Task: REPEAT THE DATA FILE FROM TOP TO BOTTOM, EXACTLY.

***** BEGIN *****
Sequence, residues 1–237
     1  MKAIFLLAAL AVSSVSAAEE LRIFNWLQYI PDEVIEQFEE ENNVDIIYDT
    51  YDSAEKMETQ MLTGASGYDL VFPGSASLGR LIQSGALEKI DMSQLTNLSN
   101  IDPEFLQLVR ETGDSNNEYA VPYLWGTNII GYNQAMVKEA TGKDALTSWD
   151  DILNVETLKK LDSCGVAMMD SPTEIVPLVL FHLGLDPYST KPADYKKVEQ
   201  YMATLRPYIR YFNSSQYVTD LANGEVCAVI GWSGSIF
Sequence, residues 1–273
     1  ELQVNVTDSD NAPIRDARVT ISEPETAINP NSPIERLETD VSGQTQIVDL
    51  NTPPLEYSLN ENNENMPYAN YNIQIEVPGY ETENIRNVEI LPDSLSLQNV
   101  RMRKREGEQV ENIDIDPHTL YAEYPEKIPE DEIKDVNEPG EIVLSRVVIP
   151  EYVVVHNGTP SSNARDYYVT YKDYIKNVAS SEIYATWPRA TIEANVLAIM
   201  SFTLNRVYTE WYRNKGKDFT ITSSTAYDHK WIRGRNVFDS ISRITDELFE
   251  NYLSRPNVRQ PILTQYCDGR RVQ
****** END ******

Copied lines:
Sequence, residues 1–237
     1  MKAIFLLAAL AVSSVSAAEE LRIFNWLQYI PDEVIEQFEE ENNVDIIYDT
    51  YDSAEKMETQ MLTGASGYDL VFPGSASLGR LIQSGALEKI DMSQLTNLSN
   101  IDPEFLQLVR ETGDSNNEYA VPYLWGTNII GYNQAMVKEA TGKDALTSWD
   151  DILNVETLKK LDSCGVAMMD SPTEIVPLVL FHLGLDPYST KPADYKKVEQ
   201  YMATLRPYIR YFNSSQYVTD LANGEVCAVI GWSGSIF
Sequence, residues 1–273
     1  ELQVNVTDSD NAPIRDARVT ISEPETAINP NSPIERLETD VSGQTQIVDL
    51  NTPPLEYSLN ENNENMPYAN YNIQIEVPGY ETENIRNVEI LPDSLSLQNV
   101  RMRKREGEQV ENIDIDPHTL YAEYPEKIPE DEIKDVNEPG EIVLSRVVIP
   151  EYVVVHNGTP SSNARDYYVT YKDYIKNVAS SEIYATWPRA TIEANVLAIM
   201  SFTLNRVYTE WYRNKGKDFT ITSSTAYDHK WIRGRNVFDS ISRITDELFE
   251  NYLSRPNVRQ PILTQYCDGR RVQ